This was a Tweet I sent Monday in reply to story written by T. D. Thornton of Thoroughbred Daily News. It is amplified slightly here only for clarity and because we’re unencumbered by the 140-character restriction.
“Good job on your story about a $25K claimer who was dropped to $5K after running last, subsequently returning from a four-month layup after a trainer and venue change–New York to Delaware–getting shockwave therapy, declared “racing sound” upon veterinary inspection then broke down as the favorite racing into the first turn, vanned off and subsequently euthanized, [resulting in] an investigation into the incident taking five months.”
(The adjudication period of five months was set after conferring with all parties).
I concluded with: “This game, left to its own devices, will never, ever change.”
Given the variables which included a significant number of dropped red flags, who can defend this? Is this also “part of the game?”
Within 24 hours, I read a new industry notice stating “the Kentucky Horse Racing Commission handed down a suspension and $500 fine for trainer Brian Lynch on Nov. 20 as a result of a Class B medication violation in his trainee Into A Hot Spot on May 16 at Churchill Downs…
“The 4-year-old gelding was found to have the drug gabapentin in his system, a human anti-convulsant [sic] also used to treat neuropathic pain.
“Lynch’s suspension was originally 30 days but he will serve 15 days from Dec. 15-29 with the other 15 days stayed, provided he has no additional positive tests for one year.”
Enjoy the holidays, Mr. Lynch. Snark notwithstanding, the infraction and punishment was for a Class “B” drug.
As climate deniers on Capitol Hill might say, “I’m no doctor,” but whatever the properties of this medication are, how can a neuropathic painkiller not be a more egregious violation?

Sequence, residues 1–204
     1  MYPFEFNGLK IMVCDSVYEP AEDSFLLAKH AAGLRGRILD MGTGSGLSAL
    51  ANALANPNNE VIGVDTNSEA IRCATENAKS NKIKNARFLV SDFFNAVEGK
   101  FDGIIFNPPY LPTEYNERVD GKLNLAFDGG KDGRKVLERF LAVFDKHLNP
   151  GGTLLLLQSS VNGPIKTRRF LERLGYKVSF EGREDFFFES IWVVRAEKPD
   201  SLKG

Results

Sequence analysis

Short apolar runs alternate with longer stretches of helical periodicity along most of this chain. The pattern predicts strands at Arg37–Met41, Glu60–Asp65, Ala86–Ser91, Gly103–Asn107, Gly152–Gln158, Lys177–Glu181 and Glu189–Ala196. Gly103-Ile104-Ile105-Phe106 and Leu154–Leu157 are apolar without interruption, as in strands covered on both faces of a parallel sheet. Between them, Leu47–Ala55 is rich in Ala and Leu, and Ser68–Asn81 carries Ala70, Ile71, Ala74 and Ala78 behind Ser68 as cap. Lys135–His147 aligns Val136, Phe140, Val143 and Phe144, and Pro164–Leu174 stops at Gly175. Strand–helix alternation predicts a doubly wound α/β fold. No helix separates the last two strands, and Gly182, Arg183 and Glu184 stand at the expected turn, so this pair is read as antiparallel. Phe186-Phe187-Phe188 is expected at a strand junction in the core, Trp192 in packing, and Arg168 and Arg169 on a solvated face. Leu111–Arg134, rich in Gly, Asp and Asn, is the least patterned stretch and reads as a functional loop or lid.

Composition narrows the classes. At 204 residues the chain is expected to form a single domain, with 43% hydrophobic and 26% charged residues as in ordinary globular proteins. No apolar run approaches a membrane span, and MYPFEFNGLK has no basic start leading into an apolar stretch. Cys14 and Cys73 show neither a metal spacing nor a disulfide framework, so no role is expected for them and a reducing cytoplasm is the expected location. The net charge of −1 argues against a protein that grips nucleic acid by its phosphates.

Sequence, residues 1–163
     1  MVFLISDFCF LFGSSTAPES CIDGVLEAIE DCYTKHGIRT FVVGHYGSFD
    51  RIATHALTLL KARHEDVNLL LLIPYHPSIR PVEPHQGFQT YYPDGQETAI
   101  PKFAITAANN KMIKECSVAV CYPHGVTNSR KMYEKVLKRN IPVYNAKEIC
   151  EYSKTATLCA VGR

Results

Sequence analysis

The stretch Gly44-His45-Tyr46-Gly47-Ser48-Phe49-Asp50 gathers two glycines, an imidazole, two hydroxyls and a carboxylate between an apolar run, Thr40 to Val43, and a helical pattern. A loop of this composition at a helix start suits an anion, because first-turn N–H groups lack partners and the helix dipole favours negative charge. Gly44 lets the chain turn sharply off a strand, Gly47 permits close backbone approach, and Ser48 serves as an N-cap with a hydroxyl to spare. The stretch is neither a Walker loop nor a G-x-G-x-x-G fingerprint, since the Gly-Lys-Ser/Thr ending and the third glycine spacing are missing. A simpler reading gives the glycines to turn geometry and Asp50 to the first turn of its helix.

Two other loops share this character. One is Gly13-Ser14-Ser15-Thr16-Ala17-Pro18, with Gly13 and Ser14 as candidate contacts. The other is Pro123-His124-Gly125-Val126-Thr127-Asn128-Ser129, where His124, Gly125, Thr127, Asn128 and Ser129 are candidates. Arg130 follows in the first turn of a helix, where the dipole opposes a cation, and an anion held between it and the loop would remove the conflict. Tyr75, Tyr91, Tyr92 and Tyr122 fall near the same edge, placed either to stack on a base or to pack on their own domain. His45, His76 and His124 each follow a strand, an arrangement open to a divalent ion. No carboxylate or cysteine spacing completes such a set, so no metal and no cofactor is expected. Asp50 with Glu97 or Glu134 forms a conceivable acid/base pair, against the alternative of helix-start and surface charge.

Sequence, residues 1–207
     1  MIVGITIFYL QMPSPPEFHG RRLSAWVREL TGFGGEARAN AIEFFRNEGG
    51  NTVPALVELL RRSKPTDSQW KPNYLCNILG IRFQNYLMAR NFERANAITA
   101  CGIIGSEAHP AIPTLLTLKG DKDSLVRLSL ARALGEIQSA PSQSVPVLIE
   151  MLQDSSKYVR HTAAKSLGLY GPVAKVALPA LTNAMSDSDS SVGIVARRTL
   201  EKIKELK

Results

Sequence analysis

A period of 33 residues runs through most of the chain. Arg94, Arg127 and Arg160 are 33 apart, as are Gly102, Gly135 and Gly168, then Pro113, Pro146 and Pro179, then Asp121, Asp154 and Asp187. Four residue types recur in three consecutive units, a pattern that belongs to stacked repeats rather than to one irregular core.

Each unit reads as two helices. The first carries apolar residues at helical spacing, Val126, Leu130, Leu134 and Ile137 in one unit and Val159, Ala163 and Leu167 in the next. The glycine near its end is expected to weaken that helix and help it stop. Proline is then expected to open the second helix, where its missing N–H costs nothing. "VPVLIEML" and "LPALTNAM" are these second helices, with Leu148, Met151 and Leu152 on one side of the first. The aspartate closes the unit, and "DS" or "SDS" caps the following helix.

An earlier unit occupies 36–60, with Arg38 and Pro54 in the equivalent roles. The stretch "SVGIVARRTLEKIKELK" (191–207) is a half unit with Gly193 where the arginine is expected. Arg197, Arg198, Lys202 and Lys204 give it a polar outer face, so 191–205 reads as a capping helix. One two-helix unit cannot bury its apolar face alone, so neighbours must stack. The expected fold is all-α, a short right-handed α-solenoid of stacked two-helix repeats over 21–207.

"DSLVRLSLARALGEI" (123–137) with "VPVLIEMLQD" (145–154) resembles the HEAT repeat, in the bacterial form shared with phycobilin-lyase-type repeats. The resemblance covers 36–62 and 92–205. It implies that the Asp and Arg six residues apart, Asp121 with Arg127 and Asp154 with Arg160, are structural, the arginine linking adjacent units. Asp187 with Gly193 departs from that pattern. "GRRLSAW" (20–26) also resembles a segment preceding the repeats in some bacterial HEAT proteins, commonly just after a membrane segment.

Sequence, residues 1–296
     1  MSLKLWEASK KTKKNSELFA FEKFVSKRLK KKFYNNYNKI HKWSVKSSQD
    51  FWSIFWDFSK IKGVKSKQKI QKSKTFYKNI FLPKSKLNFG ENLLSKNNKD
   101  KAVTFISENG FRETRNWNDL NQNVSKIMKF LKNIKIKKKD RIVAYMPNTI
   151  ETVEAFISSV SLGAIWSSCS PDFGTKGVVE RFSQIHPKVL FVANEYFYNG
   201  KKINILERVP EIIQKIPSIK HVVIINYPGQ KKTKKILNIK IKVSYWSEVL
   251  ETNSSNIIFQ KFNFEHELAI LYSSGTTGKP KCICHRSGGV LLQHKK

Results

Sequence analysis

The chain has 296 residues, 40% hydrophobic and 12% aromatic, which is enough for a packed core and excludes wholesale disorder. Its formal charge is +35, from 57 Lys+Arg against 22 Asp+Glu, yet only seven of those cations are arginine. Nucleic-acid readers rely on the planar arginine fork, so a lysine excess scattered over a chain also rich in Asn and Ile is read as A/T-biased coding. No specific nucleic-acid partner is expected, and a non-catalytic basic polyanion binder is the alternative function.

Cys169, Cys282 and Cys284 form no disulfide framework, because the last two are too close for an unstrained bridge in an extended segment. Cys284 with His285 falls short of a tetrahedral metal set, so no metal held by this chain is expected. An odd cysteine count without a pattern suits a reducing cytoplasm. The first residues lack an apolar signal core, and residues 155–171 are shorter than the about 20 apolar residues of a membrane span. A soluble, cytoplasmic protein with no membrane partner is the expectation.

Then, conversely, I read this: “In a reversal from its vote four weeks ago, the Kentucky Equine Drug Research Council voted Monday to support a partial Lasix ban, reports drf.com. The proposal will eliminate race-day administration of Lasix for 2-year-olds in 2020 and expand that to all stakes races in 2021.
“Those horses affected would, however, be allowed to receive Lasix up to 24 hours before the time of the race. The EDRC voted 6-2 in favor, while the same proposal was shot down by a vote of 5-3 four weeks ago. Twenty-four hour withdrawal represents progress but not the ultimate solution.
Said veterinarian Johnny Mac Smith: “There were several things from my perspective at the last meeting that just didn’t sit right and the reason for the way I voted,” who had initially voted no but now supports the proposal.
“What we were presented with was a proposal that lacked the detail I have been given today, and there was not much discussion on the regulatory aspects, or any of the mechanics on how this was going to be done […]
“It’s a very sensitive topic and I think decisions on either end made from a position of fear can never be good. It needs to be talked about more.” The EDRC will forward its recommendation of the proposal to the Kentucky Horse Racing Commission at its next meeting, scheduled for Dec. 10.
References here and elsewhere to Kentucky HBPA’s “Lasix 600” might have gotten the attention of an anti-raceday-drugs lobby with the suggestion that it serves neither themselves nor the industry to be on the wrong side of history, existentially speaking.
But as long as the horse gets some benefit, however small, the industry wins. #UNITY